OK. I know this is a bit late. So let’s roll the wayback machine back a couple weeks and pretend this post is timely. We just returned from two weeks in the Gulf Islands. We had such a great time that I didn’t keep the blog updated while we were on our voyage.
I’ve known Bruce for over 45 years now. We met in elementary school. Despite this, he foolishly agreed to come along with us for a week in the Gulf Islands. I had envisioned a week of indentured servitude where we (he) would get a bit of work done around the boat. Kim, on the other hand, thought we should let him participate in the relaxation and fun. Sadly, she won. That was probably good for Bruce, but the projects are still undone.
We left Seattle Saturday afternoon and headed for Port Townsend. We anchored in shallow water between Port Townsend and the mill just after sunset. The next morning, we stopped for a bit of fuel and headed north for Prevost Harbor on Stuart Island. The trip across the Strait of Juan de Fuca was calm and and easy.
Motoring along the north side of Spieden Island.
We dropped the anchor in the little cove on the north side of Prevost Harbor. We caught this nice chair with the anchor on the first try. Once we removed our trophy, the anchor set nicely.
A beautiful Prevost Harbor morning.
After breakfast, we headed for the Gulf Islands. The first stop was at Bedwell to check in with Canadian Customs. After a short phone call we received our clearance number and headed for Ganges.
At Ganges, we stopped at the public dock long enough to grab a few last minute items from the grocery store. Then we were on our way again.
We spent the first night on a mooring buoy in Montague Harbor. The 7:00 pub bus swept us off to the Hummingbird Pub for dinner.
After Montague, we moved north to Wallace Island. There were just a couple boats there. With a bit of wind and rain, we opted to anchor close to the mouth of Princess Cove rather than stern tying. Despite the tranquil setting, we have been surprised before when the wind came up in the middle of the night. Several times, we released the stern line and anchored with more room between us and the other boats. Rain forced us to watch movies the rest of the day. The sun was out the next day and great weather returned.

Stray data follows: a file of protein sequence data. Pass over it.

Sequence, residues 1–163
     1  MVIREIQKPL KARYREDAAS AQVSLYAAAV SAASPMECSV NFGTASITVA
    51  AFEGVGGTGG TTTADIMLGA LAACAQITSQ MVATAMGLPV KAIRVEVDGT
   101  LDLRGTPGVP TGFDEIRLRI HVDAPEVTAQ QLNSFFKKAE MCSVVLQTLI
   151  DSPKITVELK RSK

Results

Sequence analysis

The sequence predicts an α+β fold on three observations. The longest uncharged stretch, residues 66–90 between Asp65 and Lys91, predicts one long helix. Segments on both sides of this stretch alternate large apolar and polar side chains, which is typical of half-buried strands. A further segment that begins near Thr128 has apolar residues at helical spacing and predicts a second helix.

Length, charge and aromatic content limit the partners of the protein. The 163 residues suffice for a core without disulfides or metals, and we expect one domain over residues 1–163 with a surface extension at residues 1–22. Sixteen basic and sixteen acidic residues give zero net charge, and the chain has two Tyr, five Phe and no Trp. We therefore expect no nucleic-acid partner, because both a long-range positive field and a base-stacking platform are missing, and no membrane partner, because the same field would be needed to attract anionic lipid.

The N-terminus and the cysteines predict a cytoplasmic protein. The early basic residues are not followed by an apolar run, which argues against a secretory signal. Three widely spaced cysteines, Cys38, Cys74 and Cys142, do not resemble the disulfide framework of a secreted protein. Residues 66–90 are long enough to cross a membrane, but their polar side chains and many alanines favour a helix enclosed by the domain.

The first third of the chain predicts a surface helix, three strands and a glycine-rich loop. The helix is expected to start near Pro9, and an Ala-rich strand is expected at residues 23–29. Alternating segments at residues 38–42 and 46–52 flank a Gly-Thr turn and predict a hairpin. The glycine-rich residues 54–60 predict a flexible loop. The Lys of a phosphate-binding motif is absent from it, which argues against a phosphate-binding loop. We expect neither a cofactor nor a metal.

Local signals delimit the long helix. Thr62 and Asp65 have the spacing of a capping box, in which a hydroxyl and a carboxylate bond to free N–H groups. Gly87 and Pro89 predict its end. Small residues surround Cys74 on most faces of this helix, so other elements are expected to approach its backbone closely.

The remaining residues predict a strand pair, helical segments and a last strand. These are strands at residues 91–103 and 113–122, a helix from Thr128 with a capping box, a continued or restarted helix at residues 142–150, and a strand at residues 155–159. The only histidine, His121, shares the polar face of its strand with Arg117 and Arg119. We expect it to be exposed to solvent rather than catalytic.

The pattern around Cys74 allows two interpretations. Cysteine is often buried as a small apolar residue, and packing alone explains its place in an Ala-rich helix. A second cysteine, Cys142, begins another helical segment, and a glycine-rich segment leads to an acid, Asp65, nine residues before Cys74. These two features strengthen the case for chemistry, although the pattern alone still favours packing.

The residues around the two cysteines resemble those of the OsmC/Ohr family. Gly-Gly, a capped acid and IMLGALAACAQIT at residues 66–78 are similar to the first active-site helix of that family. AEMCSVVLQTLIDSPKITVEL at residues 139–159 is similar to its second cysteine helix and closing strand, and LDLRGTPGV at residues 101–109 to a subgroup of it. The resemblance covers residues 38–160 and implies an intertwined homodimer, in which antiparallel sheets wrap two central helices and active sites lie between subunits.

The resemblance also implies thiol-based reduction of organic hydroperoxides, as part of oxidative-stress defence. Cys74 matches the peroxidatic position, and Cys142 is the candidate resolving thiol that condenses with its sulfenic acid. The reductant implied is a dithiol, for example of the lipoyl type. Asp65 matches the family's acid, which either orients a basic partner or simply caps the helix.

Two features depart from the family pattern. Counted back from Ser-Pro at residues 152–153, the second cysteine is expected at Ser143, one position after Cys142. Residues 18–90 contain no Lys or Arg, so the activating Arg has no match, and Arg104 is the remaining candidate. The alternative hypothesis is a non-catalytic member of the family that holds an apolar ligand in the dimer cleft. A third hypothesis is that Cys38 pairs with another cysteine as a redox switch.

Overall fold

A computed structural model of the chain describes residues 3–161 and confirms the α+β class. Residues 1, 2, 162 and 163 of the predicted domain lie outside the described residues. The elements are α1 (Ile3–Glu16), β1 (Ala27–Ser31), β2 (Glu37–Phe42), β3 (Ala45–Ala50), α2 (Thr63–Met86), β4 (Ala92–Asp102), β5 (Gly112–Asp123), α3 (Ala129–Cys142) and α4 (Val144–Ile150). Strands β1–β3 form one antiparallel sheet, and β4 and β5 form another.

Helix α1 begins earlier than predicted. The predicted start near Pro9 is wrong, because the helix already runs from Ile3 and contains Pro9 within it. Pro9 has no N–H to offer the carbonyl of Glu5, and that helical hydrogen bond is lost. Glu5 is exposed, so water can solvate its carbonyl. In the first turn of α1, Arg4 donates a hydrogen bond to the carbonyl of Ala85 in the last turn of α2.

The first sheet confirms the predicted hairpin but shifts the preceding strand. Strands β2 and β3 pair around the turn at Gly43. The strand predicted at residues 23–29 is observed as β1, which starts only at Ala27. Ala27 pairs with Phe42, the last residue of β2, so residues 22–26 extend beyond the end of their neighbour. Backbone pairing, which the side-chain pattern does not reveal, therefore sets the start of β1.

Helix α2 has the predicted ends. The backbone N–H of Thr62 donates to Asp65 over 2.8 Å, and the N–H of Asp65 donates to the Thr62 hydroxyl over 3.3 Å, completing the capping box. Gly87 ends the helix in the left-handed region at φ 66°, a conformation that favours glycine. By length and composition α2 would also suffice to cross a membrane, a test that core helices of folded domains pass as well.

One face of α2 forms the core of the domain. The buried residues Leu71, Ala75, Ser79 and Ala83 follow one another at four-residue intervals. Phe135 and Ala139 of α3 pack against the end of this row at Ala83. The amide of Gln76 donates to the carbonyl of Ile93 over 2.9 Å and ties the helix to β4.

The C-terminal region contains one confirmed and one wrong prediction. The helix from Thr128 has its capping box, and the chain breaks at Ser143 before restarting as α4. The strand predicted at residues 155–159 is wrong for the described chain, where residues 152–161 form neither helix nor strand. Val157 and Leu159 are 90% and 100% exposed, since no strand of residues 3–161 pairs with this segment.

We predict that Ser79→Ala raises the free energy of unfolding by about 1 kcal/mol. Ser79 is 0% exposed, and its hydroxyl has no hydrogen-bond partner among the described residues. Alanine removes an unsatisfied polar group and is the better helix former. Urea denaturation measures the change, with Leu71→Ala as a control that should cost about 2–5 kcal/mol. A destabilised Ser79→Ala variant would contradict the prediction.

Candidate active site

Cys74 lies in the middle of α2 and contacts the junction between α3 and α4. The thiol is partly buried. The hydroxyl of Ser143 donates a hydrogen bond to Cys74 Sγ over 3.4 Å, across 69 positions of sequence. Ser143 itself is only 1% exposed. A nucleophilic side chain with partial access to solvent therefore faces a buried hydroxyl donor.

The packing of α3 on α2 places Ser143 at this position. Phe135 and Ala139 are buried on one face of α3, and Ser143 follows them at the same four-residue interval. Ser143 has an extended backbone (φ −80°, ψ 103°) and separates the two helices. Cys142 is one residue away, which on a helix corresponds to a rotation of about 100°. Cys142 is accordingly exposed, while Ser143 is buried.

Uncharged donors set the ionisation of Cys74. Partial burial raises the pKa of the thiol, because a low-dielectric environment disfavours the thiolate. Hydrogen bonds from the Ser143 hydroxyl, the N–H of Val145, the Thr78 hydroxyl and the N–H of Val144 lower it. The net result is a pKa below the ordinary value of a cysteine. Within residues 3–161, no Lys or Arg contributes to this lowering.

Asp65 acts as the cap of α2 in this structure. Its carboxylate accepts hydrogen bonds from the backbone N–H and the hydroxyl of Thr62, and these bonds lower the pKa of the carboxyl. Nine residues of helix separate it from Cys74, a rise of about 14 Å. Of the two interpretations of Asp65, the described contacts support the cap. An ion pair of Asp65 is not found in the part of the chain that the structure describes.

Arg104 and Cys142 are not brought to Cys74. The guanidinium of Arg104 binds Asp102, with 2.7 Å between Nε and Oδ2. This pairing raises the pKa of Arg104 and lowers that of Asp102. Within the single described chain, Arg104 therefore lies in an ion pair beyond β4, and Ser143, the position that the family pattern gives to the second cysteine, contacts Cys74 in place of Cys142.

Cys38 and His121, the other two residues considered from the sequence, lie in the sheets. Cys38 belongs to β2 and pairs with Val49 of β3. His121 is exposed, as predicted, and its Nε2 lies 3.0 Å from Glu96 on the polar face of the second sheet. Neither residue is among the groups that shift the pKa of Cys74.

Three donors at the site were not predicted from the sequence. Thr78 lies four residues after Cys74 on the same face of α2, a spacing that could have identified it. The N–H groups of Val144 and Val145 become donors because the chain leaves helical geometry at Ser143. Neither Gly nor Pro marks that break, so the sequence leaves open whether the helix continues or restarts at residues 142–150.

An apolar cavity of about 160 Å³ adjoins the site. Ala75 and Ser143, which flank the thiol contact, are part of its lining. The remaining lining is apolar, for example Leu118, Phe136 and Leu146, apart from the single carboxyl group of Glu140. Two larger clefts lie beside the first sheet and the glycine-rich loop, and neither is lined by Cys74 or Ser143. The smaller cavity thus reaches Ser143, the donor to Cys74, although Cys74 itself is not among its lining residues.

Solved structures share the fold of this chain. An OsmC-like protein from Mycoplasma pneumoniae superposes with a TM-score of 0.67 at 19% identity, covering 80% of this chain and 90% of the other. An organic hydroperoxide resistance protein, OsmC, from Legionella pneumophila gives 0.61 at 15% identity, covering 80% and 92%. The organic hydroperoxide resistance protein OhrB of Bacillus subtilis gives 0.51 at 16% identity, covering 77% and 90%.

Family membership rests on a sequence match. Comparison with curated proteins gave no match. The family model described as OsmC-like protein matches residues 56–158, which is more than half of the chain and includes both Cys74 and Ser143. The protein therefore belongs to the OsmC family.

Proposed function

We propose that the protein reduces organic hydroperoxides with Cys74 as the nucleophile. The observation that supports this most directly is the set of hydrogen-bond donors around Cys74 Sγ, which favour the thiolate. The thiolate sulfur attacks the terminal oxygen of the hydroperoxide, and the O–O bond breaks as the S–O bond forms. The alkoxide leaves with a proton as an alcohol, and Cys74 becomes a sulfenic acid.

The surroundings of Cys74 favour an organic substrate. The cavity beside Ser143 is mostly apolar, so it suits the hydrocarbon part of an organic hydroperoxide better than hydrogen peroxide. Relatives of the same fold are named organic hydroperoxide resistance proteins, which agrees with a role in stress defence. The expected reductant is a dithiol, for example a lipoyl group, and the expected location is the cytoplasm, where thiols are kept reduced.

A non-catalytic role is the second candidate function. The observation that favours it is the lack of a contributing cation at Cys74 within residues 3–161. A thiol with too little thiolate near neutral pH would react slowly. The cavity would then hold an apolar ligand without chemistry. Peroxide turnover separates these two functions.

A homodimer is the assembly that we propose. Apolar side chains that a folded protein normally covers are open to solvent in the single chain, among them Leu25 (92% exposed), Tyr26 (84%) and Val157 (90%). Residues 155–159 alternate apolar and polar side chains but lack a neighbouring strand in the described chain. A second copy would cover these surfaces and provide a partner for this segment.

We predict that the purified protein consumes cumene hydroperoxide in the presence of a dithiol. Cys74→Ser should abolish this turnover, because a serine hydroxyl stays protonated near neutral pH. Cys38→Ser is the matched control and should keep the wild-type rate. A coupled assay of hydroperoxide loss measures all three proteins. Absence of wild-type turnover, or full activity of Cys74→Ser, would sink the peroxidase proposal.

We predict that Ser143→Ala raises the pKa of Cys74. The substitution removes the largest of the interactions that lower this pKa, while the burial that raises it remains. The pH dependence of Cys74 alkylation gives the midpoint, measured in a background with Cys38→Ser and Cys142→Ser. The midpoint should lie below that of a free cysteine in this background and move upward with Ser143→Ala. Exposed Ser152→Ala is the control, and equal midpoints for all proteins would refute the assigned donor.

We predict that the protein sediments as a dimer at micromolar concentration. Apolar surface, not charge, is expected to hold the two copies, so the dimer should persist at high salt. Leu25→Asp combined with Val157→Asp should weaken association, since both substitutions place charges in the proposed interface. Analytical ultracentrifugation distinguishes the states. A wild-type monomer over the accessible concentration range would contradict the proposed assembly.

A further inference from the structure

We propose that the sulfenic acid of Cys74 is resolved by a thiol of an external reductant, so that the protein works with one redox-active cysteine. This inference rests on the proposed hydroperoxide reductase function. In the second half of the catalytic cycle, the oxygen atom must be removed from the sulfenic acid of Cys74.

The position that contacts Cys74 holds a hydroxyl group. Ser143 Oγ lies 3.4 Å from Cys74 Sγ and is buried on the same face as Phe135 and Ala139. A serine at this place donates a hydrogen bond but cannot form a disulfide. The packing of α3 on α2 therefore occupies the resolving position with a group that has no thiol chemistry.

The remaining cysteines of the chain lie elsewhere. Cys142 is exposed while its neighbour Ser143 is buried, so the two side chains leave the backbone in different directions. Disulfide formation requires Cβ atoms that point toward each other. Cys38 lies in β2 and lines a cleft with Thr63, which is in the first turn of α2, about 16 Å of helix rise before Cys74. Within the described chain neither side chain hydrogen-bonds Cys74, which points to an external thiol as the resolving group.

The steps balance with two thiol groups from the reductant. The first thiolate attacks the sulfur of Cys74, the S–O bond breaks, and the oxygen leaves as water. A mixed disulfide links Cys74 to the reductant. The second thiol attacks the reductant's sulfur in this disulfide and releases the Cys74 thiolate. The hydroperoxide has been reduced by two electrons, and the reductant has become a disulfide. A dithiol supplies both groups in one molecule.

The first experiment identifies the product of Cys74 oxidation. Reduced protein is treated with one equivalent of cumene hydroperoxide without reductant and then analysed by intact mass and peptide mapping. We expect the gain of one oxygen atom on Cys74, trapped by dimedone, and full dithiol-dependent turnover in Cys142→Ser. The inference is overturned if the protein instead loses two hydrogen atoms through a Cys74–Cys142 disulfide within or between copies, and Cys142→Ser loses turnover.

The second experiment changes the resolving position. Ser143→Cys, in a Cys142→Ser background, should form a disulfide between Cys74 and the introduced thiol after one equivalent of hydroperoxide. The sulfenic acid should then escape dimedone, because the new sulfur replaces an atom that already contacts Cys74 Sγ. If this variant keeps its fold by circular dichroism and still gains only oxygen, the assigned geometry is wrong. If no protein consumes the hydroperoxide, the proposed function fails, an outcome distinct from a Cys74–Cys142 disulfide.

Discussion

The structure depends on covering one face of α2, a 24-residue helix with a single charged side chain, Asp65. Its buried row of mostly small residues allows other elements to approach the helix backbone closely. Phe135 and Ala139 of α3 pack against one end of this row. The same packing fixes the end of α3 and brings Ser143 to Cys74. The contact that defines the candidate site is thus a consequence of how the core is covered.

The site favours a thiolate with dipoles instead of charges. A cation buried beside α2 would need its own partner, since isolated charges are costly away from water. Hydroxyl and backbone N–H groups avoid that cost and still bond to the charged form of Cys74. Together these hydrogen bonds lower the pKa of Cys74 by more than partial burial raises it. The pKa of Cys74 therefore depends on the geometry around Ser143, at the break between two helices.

Hanging out at Princess Cove on Wallace Island.
Bruce and Kim (and me) are off for a dinghy ride.
We walked over to Conover Cove. Bruce enjoyed the view while he recovered from the strenuous exercise and prepared himself up for the return trip.
I had a five day fishing license for Canada so we dropped two crab traps to see what we could catch. We caught a few crab, but none were keepers.
Sunset at Princess Cove on Wallace Island.
Next stop was Telegraph Harbour Marina on Thetis Island.
We did make Bruce do some of the work.
We stopped by the Farmer’s Market and went to buy some coffee at the coffee roaster up the road. Unfortunately, they were busy shipping and didn’t have any coffee to sell to us that day.
I took a short spin on one of our new folding bicycles. They are Dahon Speed D7’s. Now we just need to figure out where to store the bikes on the boat. I have an idea, but I’ll reserve that for a future post.
Bruce at the helm on the way out of Telegraph Harbour. He looks very serious.
The weather had turned so nice, we hopped down to James Bay for the day. We broke out the kayaks and peddled around for a while. I broke out the new quadcopter and shot some nice video. It’s very cool. I’ll have a post on that shortly.
That evening, we headed for Ganges. Bruce had a Kenmore Air flight back to Seattle the next day. We stayed at the Salt Spring Marina. They gave us a great slip out at the front of the marina with a fantastic view.
The next day, Bruce was on his way back to Seattle. He was the only passenger on the flight. Nice.
Rusty and Bruce.
Bruce is on his way.
That pretty much gets us caught up on the first week of our trip. The weather was mostly wonderful and we (and I hope Bruce) had a great time. Somewhere in there, we lost the port tachometer. Both helm stations had the same problem so it must be the sender.
Up next …
the rest of the trip.